Karnani believes the case for microcredit has been overstated. Studies in this area, he says, suggest that although microcredit brings economic benefits, it is not sufficient to alleviate poverty. In some cases, he says, it can actually make families poorer through the additional burden of debt.
According to Karnani, the problem lies not with the loans themselves, but rather with the microenterprises they produce. The U.N.’s declaration that loans lead to thriving firms and flourishing economies, he says, is “hype.” In fact, very few microentrepreneurs are able to scale up their businesses; most remain microfirms, operated by the poor with no paid staff, very few assets, and little prospect of sustainable growth.
“Some clients of microcredit are certainly true entrepreneurs, and have created thriving businesses — these are the heartwarming anecdotes,” he says. “But the vast majority of microcredit clients are caught in subsistence activities with no prospect of competitive advantage.”
A better way to tackle poverty, Karnani writes, is through the creation of jobs. Rather than lending US$200 each to 500 women to buy a sewing machine and set up a microenterprise, Karnani argues, it is better to lend $100,000 to one entrepreneur with managerial ability and business acumen and help her set up a garment-manufacturing business employing 500 people. Such a business can exploit economies of scale and modern business practice to create value for its owners and workers.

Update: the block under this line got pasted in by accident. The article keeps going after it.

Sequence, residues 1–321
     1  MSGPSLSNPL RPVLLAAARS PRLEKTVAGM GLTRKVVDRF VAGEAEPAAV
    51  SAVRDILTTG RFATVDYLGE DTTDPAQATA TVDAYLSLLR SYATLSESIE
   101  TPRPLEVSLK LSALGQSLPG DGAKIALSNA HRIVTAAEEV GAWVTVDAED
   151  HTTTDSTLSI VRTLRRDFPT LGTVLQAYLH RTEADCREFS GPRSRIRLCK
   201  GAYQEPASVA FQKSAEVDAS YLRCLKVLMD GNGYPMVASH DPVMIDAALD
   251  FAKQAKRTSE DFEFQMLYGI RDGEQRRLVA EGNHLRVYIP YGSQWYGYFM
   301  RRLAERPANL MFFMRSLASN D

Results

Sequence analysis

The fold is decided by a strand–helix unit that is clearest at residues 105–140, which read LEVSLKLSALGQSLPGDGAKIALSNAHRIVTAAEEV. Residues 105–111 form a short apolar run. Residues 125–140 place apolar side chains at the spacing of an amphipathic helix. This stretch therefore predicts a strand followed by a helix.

To illustrate his argument, Karnani points to differences among employment statistics for China, India, and Africa. In China, where poverty (defined by the World Bank as living on less than $2 a day) declined significantly between the late 1980s and late 1990s, the proportion of the population with jobs rose from 51 percent to 58.7 percent. In Africa, where poverty levels remain unchanged, the fraction of the population employed fell during the same period from 33.4 percent to 30.1 percent.
India’s performance lies somewhere in between, and attempts to reduce poverty there have been hindered by low job creation. (Between the late 1980s and the late 1990s, the working population rose from 29.5 percent to just 35.8 percent.) Moreover, the average firm in India is less than one-tenth the average size of companies in other emerging economies. Microcredit will only lower the average.
Most worryingly, Karnani says, the current focus on microcredit is distracting attention from the real need for governments in developing nations to provide services such as public safety, basic education, public health, and infrastructure improvements — all of which increase the productivity and employability of the poor. India’s current focus on high-skills sectors such as IT will not eradicate poverty, as it does not create sufficient jobs for the poor. “Seven world-class Indian Institutes of Technology do not compensate for a 39 percent illiteracy rate,” the author writes.
Des Dearlove (firstname.lastname@example.org) is a business writer based in the U.K. He is the author of a number of management books and a regular contributor to strategy+business and The (London) Times.
Stuart Crainer (email@example.com) is a business writer based in the U.K. and a regular contributor to strategy+business. He and Des Dearlove founded Suntop Media, a publishing and training company providing business content for online and print publications.